This member of the succulent family is often mistaken for a cactus because of the way it holds water. In fact, a healthy aloe vera plant contains about 95% water. The inner leaf holds most of the nutrients, making it the most desirable part of the plant. When well hydrated, you can remove the entire inner leaf from the harder, smooth outer leaf as a single solid gel, kind of like jello.
Beneficial Properties Within the Aloe Vera Inner Leaf
As we mentioned above, the most studied and well-documented property of the inner aloe vera leaf is the polysaccharide, acemannan. Acemannan is great because it can be used both externally to soothe the skin ) and internally for nutritional benefits. Researchers report aloe vera has these additional benefits, among others:
- Supports good dental health 
- Supports a normal immune response 
- Soothes redness and swelling 
As I mentioned earlier, there’s a wide variety of aloe plants and each has varying amounts of acemannan. Today, if you see aloe or aloe products in stores, you’re probably encountering aloe vera. Of course, you’ll always want to double check not only the species of aloe a product is made from, but also the contents of the product before you ever considering using it - especially if you are planning to ingest it.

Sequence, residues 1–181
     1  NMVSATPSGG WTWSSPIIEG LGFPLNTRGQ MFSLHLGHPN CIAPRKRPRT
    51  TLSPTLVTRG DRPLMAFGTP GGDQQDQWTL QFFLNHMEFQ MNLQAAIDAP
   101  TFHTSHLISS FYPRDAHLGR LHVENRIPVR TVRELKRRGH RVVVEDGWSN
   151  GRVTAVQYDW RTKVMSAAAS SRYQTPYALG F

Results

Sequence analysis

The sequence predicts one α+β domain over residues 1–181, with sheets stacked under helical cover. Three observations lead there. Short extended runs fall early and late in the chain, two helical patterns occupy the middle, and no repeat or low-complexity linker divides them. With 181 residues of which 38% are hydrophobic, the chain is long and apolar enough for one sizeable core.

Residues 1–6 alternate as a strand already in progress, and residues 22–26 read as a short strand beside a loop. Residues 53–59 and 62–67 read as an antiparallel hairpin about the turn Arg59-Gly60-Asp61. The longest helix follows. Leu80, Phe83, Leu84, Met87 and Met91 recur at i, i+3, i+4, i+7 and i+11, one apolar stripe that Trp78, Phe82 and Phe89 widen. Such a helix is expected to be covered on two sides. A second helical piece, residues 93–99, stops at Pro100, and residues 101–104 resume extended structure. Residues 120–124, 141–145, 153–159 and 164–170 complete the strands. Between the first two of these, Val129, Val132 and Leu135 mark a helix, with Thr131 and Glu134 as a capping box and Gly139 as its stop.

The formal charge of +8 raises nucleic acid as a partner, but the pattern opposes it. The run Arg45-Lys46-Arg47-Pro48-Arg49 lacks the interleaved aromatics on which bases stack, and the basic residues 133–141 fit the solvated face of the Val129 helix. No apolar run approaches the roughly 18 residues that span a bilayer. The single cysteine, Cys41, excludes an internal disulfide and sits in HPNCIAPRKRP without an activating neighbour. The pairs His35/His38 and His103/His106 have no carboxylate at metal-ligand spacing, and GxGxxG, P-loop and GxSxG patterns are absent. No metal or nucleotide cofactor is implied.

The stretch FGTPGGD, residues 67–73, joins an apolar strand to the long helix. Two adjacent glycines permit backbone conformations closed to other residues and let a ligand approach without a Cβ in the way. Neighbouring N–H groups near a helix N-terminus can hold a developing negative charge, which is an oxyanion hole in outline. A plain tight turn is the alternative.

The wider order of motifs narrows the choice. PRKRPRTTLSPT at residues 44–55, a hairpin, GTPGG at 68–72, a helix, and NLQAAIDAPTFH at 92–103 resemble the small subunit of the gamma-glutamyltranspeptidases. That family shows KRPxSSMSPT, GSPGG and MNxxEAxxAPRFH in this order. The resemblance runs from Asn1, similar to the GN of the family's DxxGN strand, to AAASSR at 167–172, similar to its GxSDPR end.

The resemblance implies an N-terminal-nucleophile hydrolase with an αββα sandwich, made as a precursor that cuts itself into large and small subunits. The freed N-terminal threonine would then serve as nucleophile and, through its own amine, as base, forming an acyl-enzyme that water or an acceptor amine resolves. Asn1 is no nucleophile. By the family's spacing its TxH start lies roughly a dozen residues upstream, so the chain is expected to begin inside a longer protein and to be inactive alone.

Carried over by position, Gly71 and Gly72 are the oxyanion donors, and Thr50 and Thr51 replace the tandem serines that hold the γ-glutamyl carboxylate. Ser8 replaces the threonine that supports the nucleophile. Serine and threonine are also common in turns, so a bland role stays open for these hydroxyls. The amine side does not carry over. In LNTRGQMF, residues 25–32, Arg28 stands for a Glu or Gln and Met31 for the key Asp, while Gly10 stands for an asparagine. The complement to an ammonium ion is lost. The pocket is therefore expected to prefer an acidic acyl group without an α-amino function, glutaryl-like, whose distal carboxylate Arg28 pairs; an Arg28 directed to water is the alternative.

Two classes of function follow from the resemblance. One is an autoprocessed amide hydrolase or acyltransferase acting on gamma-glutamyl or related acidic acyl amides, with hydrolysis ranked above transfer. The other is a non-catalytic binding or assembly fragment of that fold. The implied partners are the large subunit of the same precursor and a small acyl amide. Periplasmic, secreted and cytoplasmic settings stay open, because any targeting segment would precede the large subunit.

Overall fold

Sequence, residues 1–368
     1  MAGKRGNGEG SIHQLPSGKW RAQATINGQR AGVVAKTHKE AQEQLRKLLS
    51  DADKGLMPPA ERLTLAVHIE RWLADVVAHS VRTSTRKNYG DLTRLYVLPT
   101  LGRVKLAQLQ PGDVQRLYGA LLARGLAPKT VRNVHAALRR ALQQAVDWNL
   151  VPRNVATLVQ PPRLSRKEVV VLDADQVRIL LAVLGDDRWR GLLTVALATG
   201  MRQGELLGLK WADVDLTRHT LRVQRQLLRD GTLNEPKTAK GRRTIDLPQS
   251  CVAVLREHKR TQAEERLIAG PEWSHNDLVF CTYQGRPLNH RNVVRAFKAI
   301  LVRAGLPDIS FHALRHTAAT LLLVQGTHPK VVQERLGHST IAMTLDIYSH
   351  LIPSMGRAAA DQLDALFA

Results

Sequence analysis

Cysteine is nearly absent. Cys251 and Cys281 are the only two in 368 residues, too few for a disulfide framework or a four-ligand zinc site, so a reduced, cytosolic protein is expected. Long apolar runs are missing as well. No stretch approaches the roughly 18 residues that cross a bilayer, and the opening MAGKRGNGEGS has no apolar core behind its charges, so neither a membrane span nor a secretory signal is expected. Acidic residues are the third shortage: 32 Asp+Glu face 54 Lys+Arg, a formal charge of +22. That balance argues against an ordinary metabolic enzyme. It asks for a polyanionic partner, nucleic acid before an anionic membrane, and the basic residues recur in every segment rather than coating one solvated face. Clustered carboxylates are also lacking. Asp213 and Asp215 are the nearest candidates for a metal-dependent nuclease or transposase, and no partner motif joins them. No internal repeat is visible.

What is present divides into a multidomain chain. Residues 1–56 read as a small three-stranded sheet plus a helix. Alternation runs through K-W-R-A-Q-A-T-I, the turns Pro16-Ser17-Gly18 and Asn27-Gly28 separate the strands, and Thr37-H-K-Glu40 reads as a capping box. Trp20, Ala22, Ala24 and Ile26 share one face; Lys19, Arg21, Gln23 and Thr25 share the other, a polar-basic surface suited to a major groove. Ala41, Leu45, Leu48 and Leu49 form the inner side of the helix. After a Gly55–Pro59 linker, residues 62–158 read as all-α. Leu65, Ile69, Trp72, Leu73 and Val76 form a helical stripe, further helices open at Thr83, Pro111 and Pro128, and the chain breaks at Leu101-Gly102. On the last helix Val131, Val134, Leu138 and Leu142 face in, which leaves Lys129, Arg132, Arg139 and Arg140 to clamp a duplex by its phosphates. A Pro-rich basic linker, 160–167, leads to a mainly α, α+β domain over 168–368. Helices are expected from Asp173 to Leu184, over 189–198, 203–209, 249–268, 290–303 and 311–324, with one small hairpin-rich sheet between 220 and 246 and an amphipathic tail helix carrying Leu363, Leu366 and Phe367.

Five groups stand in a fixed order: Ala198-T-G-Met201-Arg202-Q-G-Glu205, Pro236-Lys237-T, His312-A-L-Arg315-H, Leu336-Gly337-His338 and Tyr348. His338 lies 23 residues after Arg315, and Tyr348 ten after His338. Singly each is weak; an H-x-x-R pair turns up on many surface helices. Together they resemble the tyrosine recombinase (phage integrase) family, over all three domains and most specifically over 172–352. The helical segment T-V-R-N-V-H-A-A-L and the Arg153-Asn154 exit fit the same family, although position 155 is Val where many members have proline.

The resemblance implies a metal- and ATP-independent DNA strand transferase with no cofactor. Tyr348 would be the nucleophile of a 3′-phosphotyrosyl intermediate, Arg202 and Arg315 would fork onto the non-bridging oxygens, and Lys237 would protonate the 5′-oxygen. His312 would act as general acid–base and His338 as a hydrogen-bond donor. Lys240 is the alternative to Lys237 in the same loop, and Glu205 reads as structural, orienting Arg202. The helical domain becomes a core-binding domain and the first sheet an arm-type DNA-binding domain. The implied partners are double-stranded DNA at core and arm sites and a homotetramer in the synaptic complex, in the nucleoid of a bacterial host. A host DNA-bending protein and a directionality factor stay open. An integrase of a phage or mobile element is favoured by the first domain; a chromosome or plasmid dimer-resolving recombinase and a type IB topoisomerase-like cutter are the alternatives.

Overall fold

For any aloe you plan on orally consuming, always makes sure to use only organic inner aloe vera leaf products. You may come across some products made from “outer leaf” or “whole leaf” aloe vera components. Run! These would contain both aloin and aloe latex, which behaves like an ultra-harsh laxative.  In addition the laxative properties, these products would also have a far inferior nutrient density when it comes to key nutrients like acemannan - if it contains any at all!
Watch Out for Outer Aloe Vera Leaf
While you want to avoid ingesting the outer leaf area, it does offer some benefits. For instance, the gel of the firm outer leaf contains aloe-emodin, a plant chemical shown in studies with mice to support immune system health.